“Dysgraphia in adults manifests as difficulties with syntax, grammar, comprehension, and being able to generally put one’s thoughts on paper,” Schiff says.

Other learning conditions to know
Some conditions are not classified as learning disorders or aren’t formally recognized in the DSM-V, the diagnostic guide used by mental health professionals. But they are still worth noting, since they may overlap or come up frequently for people with learning disorders.

Nonverbal learning disorders
With this kind of disorder, visual-spatial and visual-motor skills are affected, according to the Mayo Clinic. Nonverbal learning disorders (NLVD) can affect social skills and play out as a struggle to decode body language and understand humor, Schiff says.

“Non-verbal learning disabilities are not considered learning disabilities. They are often signs of other disorders,” Dr. Baxi notes. While NLVD isn’t officially recognized, this cluster of symptoms is “recognized by neuropsychologists and in educational settings when it presents itself,” Schiff says.

Click here to read the full article on Explore Health.

It’s a New Era for Mental Health at Work

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illustration to describe mental health. A person in a suit with water color design covering their face

By Kelly Greenwood and Julia Anas, Harvard Business Review

When we published our research on workplace mental health in October 2019, we never could have predicted how much our lives would soon be upended by the Covid-19 pandemic.

Then the murders of George Floyd and other Black Americans by the police; the rise in violence against Asian Americans and Pacific Islanders (AAPIs); wildfires; political unrest; and other major stressors unfolded in quick succession, compounding the damage to our collective mental health.

One silver lining amid all the disruption and trauma is the normalization of mental health challenges at work. In 2019, employers were just starting to grasp the prevalence of these challenges, the need to address stigma, and the emerging link to diversity, equity, and inclusion (DEI). In 2020, mental health support went from a nice-to-have to a true business imperative. Fast forward to 2021, and the stakes have been raised even higher thanks to a greater awareness of the workplace factors that can contribute to poor mental health, as well as heightened urgency around its intersections with DEI.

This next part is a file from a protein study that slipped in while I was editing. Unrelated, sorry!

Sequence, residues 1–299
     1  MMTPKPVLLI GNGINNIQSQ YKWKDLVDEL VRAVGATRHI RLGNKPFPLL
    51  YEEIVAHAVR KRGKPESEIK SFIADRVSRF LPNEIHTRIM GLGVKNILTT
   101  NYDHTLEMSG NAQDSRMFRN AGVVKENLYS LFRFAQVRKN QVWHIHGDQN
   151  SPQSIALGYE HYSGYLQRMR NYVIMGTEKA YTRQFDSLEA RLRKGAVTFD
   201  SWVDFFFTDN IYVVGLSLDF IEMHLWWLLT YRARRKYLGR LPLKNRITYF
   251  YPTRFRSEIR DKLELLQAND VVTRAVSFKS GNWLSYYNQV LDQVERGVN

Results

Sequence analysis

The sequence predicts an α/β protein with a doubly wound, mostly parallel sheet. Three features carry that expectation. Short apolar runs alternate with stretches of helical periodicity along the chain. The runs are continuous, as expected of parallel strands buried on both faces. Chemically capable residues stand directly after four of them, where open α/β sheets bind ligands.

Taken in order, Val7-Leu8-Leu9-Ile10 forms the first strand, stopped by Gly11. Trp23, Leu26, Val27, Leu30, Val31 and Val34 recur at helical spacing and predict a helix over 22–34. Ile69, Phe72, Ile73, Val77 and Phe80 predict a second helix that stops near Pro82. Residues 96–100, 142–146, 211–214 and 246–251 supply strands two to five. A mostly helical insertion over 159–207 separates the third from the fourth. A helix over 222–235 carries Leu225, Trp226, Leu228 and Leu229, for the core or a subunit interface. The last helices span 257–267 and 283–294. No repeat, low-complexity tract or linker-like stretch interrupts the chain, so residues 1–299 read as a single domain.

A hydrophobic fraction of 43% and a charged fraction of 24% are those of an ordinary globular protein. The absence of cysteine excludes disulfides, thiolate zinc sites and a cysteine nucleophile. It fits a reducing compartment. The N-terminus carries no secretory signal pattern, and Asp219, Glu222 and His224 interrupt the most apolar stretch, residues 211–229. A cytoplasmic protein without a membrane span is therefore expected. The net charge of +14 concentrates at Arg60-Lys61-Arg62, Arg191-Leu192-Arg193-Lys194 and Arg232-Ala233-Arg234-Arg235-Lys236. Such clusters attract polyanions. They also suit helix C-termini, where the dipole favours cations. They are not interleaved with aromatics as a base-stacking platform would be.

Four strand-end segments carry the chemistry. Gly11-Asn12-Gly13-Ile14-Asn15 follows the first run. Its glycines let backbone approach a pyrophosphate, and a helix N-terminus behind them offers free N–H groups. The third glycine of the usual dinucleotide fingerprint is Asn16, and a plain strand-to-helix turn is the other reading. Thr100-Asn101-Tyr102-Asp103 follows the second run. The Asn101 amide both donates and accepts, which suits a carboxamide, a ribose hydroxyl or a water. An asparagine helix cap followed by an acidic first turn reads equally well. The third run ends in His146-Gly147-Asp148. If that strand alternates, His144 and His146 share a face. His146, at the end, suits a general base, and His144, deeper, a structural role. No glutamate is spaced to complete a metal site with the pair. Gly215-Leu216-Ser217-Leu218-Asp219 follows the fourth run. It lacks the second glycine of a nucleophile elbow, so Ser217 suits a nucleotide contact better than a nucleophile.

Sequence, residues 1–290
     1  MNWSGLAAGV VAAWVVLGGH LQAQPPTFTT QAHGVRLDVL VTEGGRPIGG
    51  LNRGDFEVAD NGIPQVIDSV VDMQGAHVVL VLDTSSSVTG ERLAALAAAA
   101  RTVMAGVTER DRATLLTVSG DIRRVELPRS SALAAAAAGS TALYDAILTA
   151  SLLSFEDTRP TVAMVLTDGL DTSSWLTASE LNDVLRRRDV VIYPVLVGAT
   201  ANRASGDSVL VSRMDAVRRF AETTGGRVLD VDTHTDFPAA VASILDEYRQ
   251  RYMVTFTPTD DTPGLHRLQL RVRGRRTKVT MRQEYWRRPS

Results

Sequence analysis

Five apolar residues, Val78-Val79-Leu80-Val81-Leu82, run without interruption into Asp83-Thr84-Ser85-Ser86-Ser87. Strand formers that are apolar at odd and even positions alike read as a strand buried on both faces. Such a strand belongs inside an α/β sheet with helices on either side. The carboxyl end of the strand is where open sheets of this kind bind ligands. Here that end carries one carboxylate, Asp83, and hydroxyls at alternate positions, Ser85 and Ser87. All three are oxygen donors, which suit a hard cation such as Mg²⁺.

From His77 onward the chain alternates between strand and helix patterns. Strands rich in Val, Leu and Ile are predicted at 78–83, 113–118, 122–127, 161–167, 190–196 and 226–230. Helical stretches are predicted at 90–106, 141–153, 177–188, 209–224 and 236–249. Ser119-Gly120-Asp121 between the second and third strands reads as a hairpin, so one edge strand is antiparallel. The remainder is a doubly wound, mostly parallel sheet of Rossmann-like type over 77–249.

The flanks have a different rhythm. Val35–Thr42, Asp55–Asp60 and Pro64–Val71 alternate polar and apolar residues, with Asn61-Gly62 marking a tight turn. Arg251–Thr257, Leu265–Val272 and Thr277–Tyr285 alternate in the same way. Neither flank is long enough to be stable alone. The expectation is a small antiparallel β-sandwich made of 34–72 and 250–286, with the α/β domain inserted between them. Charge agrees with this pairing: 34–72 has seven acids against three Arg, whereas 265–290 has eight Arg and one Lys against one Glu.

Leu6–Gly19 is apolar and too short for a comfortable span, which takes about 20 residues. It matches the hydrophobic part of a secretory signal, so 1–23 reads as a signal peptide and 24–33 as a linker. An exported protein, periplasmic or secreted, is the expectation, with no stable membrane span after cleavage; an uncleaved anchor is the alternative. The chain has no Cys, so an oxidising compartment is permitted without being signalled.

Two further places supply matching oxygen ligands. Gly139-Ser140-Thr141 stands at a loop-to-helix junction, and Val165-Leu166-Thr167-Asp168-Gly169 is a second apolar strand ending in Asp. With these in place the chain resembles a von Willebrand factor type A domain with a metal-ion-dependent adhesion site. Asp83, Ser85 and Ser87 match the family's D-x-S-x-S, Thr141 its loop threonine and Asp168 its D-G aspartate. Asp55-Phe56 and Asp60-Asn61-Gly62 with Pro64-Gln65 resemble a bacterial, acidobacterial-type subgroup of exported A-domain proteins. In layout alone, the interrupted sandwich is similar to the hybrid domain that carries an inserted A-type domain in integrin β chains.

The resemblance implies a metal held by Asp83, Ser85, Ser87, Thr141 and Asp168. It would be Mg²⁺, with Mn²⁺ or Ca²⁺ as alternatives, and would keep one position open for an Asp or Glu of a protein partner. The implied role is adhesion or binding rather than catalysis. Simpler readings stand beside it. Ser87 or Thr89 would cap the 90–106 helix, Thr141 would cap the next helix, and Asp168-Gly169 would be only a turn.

Although employers have responded with initiatives like mental health days or weeks, four-day workweeks, and enhanced counseling benefits or apps, they’re not enough. Employees need and expect sustainable and mentally healthy workplaces, which requires taking on the real work of culture change. It’s not enough to simply offer the latest apps or employ euphemisms like “well-being” or “mental fitness.” Employers must connect what they say to what they actually do.

Mind Share Partners’ 2021 Mental Health at Work Report in partnership with Qualtrics and ServiceNow offers a rare comparison of the state of mental health, stigma, and work culture in U.S. workplaces before and during the pandemic. This follow-up study to our 2019 Mental Health at Work Report uses the same metrics and includes additional questions and segmentations on the effects of the pandemic, racial trauma, and the return to office; it also fleshes out our less comprehensive study from April 2020. As in 2019, we collected responses from 1,500 U.S. adults in full-time jobs, with statistically significant representation across racial and ethnic backgrounds, gender identities, membership in the LGBTQ+ community, generational divides, primary caregiver statuses, levels of seniority, and other factors. Here’s a summary of what we learned and our recommendations for what employers need to do to support their employees’ mental health.